China's Tencent and Alibaba in Silicon Valley Arms Race


For the past four years, Chinese tech giants Alibaba and Tencent have been betting heavily on American startups, investing almost $2 billion in more than 60 companies. Will the investments pay off?

Silicon Valley gurus encourage young entrepreneurs to take risks and invite failure, which can be a tough sell for stockholders, investors, and venture capitalists. It’s been suggested that as many as 93 percent of firms hatched in Y Combinator, a prestigious startup accelerator which has incubated companies like Reddit, Airbnb, and Dropbox, don’t last. Worse yet, that program has just a 5 percent acceptance rate.

Yet Chinese companies aren’t deterred. Tencent has established satellites in Silicon Valley and New York City to scout up and coming companies. Its biggest bets so far have been a $60 million minority stake in Snapchat, the picture messaging service adored by American teens, and a $35 million contribution to a funding round for Weebly, a website publishing service which raised $127 million in its initial public offering on the New York Stock Exchange in 2013. Marc Andreessen, who at 43 is one of the elder statesmen of the valley (he helped develop Mosaic, the browser that popularized the web, when he was 21), sees Tencent and Snapchat as kindred spirits: the picture messaging service could copy Tencent’s model of add-ons and become a full suite for social media services – tantamount to Facebook and Twitter.

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Elsewhere, though, many of Tencent’s investments have cratered. The company had high hopes for e-commerce venture, which allows users to upload and share design products and inspirations, putting down $150 million in support in July 2013. At the time, the company looked forward to a $1 billion valuation – and had already raised $310 million toward that goal. Last November it finally sold – to Irish manufacturer PCH – for just $15 million. PCH CEO Liam Casey hopes to turn the beleaguered brand into “the Netflix of design.” That will be an uphill battle.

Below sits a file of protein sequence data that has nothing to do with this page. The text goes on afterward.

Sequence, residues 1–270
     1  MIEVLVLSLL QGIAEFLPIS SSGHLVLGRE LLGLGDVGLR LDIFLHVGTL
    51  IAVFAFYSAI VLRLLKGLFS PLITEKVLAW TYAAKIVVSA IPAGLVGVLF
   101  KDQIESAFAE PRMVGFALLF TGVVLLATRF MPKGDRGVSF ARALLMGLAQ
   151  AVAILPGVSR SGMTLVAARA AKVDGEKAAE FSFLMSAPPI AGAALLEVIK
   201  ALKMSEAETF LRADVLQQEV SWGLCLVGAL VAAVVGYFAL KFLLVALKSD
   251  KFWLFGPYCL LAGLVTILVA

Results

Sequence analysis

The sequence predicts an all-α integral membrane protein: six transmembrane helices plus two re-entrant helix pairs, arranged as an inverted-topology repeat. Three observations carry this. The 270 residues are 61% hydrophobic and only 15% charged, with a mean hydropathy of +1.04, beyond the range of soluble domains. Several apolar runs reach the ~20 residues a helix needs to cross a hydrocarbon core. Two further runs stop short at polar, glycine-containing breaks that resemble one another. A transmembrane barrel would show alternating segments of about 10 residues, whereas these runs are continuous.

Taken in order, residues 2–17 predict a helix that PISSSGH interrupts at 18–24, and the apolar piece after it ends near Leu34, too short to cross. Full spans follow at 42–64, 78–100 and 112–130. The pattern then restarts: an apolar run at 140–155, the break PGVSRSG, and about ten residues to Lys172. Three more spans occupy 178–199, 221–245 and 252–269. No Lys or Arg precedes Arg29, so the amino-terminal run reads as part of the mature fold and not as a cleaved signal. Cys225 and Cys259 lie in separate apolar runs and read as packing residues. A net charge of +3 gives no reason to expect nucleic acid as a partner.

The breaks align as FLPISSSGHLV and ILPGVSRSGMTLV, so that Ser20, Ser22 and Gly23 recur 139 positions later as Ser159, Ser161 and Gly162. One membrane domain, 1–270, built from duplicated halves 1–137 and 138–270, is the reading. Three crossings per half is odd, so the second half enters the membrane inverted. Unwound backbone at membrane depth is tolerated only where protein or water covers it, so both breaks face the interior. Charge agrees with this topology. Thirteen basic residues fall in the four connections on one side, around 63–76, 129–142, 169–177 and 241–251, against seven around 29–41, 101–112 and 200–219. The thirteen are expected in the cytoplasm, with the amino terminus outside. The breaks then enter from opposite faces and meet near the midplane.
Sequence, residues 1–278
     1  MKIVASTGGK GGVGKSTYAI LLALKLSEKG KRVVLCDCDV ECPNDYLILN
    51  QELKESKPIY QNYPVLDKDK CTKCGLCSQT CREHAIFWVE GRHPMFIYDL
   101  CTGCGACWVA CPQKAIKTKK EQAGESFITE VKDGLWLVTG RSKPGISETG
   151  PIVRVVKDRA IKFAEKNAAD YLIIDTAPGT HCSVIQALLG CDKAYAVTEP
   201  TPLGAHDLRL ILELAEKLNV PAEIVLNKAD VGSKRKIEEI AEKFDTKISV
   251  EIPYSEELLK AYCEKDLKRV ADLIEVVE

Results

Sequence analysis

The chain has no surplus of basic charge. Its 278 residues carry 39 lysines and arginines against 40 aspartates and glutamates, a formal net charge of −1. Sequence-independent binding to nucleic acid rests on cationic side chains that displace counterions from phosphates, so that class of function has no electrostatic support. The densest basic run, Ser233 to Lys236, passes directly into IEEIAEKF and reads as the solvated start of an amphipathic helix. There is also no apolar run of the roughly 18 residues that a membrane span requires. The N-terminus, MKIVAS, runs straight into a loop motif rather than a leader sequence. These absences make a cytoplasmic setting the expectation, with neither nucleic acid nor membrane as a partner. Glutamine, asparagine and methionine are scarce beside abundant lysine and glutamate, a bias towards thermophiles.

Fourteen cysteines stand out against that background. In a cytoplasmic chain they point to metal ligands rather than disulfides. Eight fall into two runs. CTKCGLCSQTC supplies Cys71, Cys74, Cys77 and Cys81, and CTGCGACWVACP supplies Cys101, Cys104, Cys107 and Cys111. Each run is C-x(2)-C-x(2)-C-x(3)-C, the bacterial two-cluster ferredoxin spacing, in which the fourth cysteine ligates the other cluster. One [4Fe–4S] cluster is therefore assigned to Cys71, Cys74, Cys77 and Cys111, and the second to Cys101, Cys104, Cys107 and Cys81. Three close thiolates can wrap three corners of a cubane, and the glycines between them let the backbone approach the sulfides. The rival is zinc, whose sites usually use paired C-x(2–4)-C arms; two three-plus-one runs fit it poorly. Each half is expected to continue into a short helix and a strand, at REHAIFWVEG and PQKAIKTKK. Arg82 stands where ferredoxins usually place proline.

Meanwhile, Alibaba, which enjoyed the largest global IPO in history last September, raising $25 billion, has also set its sights on Snapchat. Earlier this month, Alibaba agreed to invest $200 million in the burgeoning social media company at a $10 billion valuation. Part of Alibaba’s interest in making that bet stems from Tencent’s dominance in the messaging industry inside China. Through Tencent’s massively popular WeChat platform, users can send money, book cabs, post photos, and connect with business contacts.

Overall, Alibaba has invested more in fewer companies, putting money into just 11 American ventures in the past four years. They’re hoping that ShopRunner, a delivery service similar to Amazon Prime, could be a hit with consumers (they invested $206 million in 2013). Other investments seem to be a direct push against Tencent’s stranglehold on chatting and cross-platform services. Tango, which allows users to message via voice and video, soaked up the most of Alibaba’s money, $280 million, while ride-sharing app Lyft, Uber’s much smaller competitor, got a $250 million cash infusion.

Will these ventures be successful? Like anything in the valley, it’s tough to make an educated guess. Today’s bubble companies can go bust tomorrow. Many of the companies mentioned here, even if they’re successful, may not exist ten years from now. This arms race won’t be decided by whoever has the biggest guns, but by who can make the smartest decisions.

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